The third episode of Kirby Ferguson’s excellent Everything is a Remix has been posted.Â The first episode was about music,Â the second dealt with movies, and the third is on technological innovation.
used to run a development team for a while, and our credo was “We will Win by copying faster than the competition”. It was a joke with a foundation of truth.
I agree – copying is good. I potter around with doing a few small software utilities, and I always release them as “public domain”.
Anyway, this brings up the issue of copyright law. I find it ridiculous that in most of the world, the duration of copyright is the life of the author plus 50 (or 70) years. Try using a lot of software 30 years after it was written, and see if it works! Some will, but many other apps won’t. If I were able to, I would put the length of copyright on software as 20 years (for commercial software) or ten years for open-source (e.g. GPL, BSD-licensed) software.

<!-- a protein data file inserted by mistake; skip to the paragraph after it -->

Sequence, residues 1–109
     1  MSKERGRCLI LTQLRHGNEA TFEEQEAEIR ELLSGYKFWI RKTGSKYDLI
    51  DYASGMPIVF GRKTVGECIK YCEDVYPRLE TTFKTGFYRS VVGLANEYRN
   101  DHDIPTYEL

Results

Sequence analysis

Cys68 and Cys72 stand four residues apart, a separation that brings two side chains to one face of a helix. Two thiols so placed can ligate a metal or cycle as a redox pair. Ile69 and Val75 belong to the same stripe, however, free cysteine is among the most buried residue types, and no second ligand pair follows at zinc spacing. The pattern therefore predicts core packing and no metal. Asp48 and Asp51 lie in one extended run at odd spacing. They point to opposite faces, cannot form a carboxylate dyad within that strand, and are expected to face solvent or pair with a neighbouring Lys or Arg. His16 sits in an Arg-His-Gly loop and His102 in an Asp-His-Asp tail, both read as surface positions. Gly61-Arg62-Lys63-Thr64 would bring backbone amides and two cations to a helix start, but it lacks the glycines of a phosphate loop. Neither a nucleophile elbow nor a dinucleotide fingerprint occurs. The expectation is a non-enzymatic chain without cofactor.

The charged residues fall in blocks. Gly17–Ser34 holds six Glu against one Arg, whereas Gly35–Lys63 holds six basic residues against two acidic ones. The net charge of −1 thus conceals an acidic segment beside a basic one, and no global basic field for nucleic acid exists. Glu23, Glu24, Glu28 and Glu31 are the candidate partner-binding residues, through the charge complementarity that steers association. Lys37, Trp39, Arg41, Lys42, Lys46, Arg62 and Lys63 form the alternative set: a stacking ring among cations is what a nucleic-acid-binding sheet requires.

There is also the issue of so-called “abandonware” (I’m mainly speaking of open-source software here), where an app has been untouched for many years and the author is unable to be contacted. I ran into exactly this issue a while ago, where there was an app on SourceForge that was really good, but it was GPL-licensed (and I’m a public-domain fan). This app had been untouched for over seven years! I tried to contact the author but was unsuccessful. So, I emailed the Free Software Foundation and suggested that they could look at a “sunset clause” for the GPL in cases like this, where the software has quite obviously been abandoned (or maybe the author has died). The clause would say that if a GPL app can be shown to have been abandoned for five or more years, then it would pass into the public-domain. Long story short, they weren’t interested. So, this app will be GPL for maybe another 100 years or more, and even though it has been abandoned, you will only be able to use its code if **your code is also released as GPL**.
I believe that after a reasonable time (five years is my benchmark), abandoned apps should be put into the public domain.
(Update) – I’ve just managed to find out that New Zealand has a copyright term on software of fifty years after its creation. Still too long in my view……
This blog is licensed under a Creative Commons Attribution-NonCommercial-ShareAlike 3.0 Unported License.
Design by cre8d